Where will the deluge of dairy bull calves go this spring?
With calving season just around the corner, concerns are mounting that calf rings in marts will soon swell with dairy bull calves.
However, as significant levels of uncertainty continue to linger over the profitability of beef enterprises, some farmers have suggested alternative options for the incoming dairy calves.
Spokesperson for the Beef Plan Movement, Eamon Corley, explained to AgriLand what he believes are viable alternatives for dairy bull calves.
- The establishment of a grass-fed veal industry in Ireland;
- The introduction of a 14-day-old slaughter option for the lowest quality calves;
- The easing of export regulations for calves.
Irish veal units
“For the better quality Holstein Friesian calves, the establishment of veal-type units similar to the ones in Holland would be an option,” said Corley.
He also suggested that a special brand of grass-fed veal is developed.
“This should be attractive because one of the big hangups about veal units in Holland is that the animals are inside and don’t get to see daylight.
“The aim would be that the calf spends the first three months of its life getting milk replacer and ad-lib meal.
After that, it would go out on grass and continue to get meal but also have access to a supply of fresh green grass.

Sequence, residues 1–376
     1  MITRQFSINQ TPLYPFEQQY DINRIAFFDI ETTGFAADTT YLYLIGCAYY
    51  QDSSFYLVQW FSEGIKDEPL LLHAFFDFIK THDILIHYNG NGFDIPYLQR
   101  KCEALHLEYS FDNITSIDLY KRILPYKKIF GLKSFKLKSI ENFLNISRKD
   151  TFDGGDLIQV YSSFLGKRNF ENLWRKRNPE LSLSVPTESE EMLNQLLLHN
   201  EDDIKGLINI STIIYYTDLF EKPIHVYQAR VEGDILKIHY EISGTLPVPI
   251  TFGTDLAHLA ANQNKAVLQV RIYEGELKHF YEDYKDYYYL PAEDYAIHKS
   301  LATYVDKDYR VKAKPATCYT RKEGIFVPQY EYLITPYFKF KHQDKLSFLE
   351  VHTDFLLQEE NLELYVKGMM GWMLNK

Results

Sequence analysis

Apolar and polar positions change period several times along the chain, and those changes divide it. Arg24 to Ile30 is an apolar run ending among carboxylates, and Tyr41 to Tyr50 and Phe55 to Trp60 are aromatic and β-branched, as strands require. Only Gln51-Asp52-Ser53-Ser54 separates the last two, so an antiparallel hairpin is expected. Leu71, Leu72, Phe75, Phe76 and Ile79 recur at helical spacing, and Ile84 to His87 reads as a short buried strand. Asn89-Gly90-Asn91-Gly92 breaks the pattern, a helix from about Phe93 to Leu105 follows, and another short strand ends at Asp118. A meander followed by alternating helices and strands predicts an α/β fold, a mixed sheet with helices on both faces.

“This would be an appealing product to customers and would be a unique marketing opportunity,” explained Corley. He added that “work on marketing needs to be done”.
Corley explained: “Lower quality jersey-bred calves that really don’t have a market value going forward could be slaughtered in a licenced abattoir. The meat produced can be used to produce dishes such as kebabs.
It would be more humane than putting them down at birth and they would be out of the system – so they wouldn’t cause an issue later on.
The spokesperson for the Beef Plan Movement added that he believes there is no export market for these types of calves.
However, Corley outlined that this system could be met with some issues also.
“Currently, if a calf was slaughtered in the factory, the same department levy would apply to it as an older beast.
“We suggest that this could be brought down to the level of a sheep which would be €0.80/head as opposed to €5.00/head.”
Ease export regulations
The third option Corley suggested was to ease the regulations that are currently in place with regards to exporting cattle, calves and weanlings.
We are suggesting the introduction of an export refund or an export subsidy. Holstien calves could then be exported to the veal units that’s in Holland.
He drew attention to “an extra problem” that is in place when exporting calves this year.
“Boats must now take a reduced number of calves.
“This is because once they arrive in France, the calves have to be loaded into lairages that don’t have an adequate capacity to hold the number that could potentially be exported.”
Concluding, Corley stressed that a “workable solution” needs to be found.